Together with Robbie Critzer, who recently became the store manager, Williams decided to expand the store’s retail offerings and restore the space to its glory days as a market.
“People come from Maryland, D.C., the Northern Neck, Pennsylvania, people are coming from everywhere … We have loyal customers who have been coming for decades. We had a customer last week leave a note when we were gone on the honor system. It said in her 65 years, these are the best peaches she’s ever had in her whole life and she would be back every time she visits.”
With a $50,000 grant from Share Our Strength’s No Kid Hungry Campaign, and additional funding from The Musser Family Fund, Sacharuna Foundation and Culpeper Wellness Foundation, the Piedmont Environmental Council (PEC) rolls out its summer milk and egg donation program this month, beginning the week of July 12.
Today marks the first day since 1937 that Virginians 21 and older can legally possess up to one ounce of recreational cannabis and up to four living plants. The measure will go into effect exactly one year after Virginia reduced the severity of simple marijuana possession from a misdemeanor to a civil penalty of up to $25.
In the gardens of Thom Pellikan’s backyard on Red Oak Mountain last Saturday with a breathtaking view of Rappahannock and beyond, nearly 100 guests were treated to performances by Castleton’s world-class musicians. The evening featured Metropolitan Opera mezzo-soprano Michelle DeYoung and tenor Paul Groves, as well as Castleton Chamber Players Eric Silberger, Daniel Lelchuk and Bradley Moore. They performed favorites like Gershwin’s “Summertime,” “The Swan” for cello and “Silent Lips” from Léhar’s “The Merry Widow.”
The Agricultural Improvement Act of 2018 legalized hemp farming on a federal level, ending 48 years of hemp prohibition. Soon afterwards processors, growers, and hemp advocates formed the Rappahannock Hemp Cooperative (RHC) with the aspiration of educating and aiding local farmers interested in industrial hemp farming
In observance of National Agriculture Literacy Week (March 15-19), members of the Rappahannock County High School chapter of Future Farmers of America teamed up with Agriculture Education Instructor Michelle Fincham and Ashleigh Cannon of the Rappahannock County Farm Bureau to read to K-2 students about agriculture.
Bean Hollow farmer Mike Sands has been booking lambs for slaughter that aren’t even born yet. Why? Because since the beginning of the pandemic there has been a boom in demand for local meat while at the same time there’s a shortage of skilled meat cutters to process animals.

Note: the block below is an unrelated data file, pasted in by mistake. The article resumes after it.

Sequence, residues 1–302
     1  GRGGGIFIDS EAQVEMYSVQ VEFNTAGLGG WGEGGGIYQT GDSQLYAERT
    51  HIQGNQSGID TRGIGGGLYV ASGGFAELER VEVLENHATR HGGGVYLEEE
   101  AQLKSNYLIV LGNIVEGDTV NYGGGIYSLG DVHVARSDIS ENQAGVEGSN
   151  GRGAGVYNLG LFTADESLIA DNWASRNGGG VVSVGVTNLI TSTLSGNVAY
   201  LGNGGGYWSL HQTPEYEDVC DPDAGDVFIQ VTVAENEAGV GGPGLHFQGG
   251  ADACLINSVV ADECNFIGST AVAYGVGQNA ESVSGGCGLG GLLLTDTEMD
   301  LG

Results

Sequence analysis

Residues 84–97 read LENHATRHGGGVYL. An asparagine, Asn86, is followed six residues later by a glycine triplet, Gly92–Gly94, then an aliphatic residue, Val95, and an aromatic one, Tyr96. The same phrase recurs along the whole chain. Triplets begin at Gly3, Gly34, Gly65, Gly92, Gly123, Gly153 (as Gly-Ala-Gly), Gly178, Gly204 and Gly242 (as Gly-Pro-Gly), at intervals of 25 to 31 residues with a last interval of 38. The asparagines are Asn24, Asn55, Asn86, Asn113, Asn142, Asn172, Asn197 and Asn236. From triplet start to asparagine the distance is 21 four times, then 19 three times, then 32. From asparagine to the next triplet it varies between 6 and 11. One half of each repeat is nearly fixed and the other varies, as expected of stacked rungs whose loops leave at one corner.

Foothills Forum and the Rappahannock News look back on 2020 with a focus on COVID-19 as well as several key issues – schools, broadband and cellular, business, housing -- we have reported on throughout the year.
The bad news: A portion of the Rush River that runs through the Rappahannock County Park had earned a failing grade for recreational use for having unsafe levels of E. coli bacteria, which can lead to illness and infection in humans.
For the artist, tourist or weekender, the land needs to be a beautiful and evocative backdrop. Not so for most farmers and owners of substantial parcels. For them, the landscape is also an economic asset. It doesn’t only have to be protected; it also needs to generate income.
Virginia Gov. Ralph Northam today announced this afternoon that nearby Revalation Vineyards will invest more than $2.3 million to build a new wine production facility, tasting room and event space off of Route 231 between Etlan and Madison.
The apple season isn’t what it used to be in Rappahannock County, but don’t tell that to the droves of people who in the midst of a stubborn pandemic are devouring all Virginia varieties grown here — Granny Smith to Ginger Gold.
This is the third in a series of conversations with the 2020 Fifth district congressional candidates. Each week, the Rappahannock News will give Republican Bob Good and Democrat Cameron Webb an opportunity to present their views on a single issue. In a continuation of Part III from last week, Webb and Good share their approaches to the concerns of rural voters.
The Board of Zoning Appeals met tonight (Wednesday) for a brief but lively regular meeting, which included Vice Chairman Ron Makela moving at the top of the hour to add a conversation about the prominent “Farmers for Trump” hay bales sign at Massies Corner to the agenda.
Rapp at Home hosted an Zoom session for its members with speakers from two county wineries Gadino Cellars and Quièvremont Vineyard and Winery.
While there have been a couple of sightings of Vespa mandarinia — commonly called the Asian giant hornet or murder hornet — in North America, there have not been any sightings in Virginia or on the East Coast.
Sadly, we are cancelling the 18th annual Rappahannock Spring Plant Sale scheduled for April 25th at Waterpenny Farm. We will miss hosting this wonderful community gathering that has become a traditional rite of spring for so many of us in the community.
People come from all around to see Sperryville resident Tom Lewis’ annual display of Christmas lights and ornamentation, but only his lucky friends and neighbors ever see his summer display of beautiful fruits and vegetables. Lewis harvested 18 bushels of potatoes last week and promptly repl…
Whippoorwill . . . the name melts in your mouth like a soft dinner mint. It conjures up images and sounds of the soft feathered wings of birds in flight, framed in the expanse of a powder blue sky.
Rappahannock County cattle farmers Chris and Caroline Parrish have been presented with the 2018 Bay-Friendly Farm Award by the Virginia Department of Conservation and Recreation at its annual awards dinner in Culpeper.
‘I’ve spent a lot of years in greenhouses killing a lot of bad bugs and bad diseases, I’ve never seen anything like this’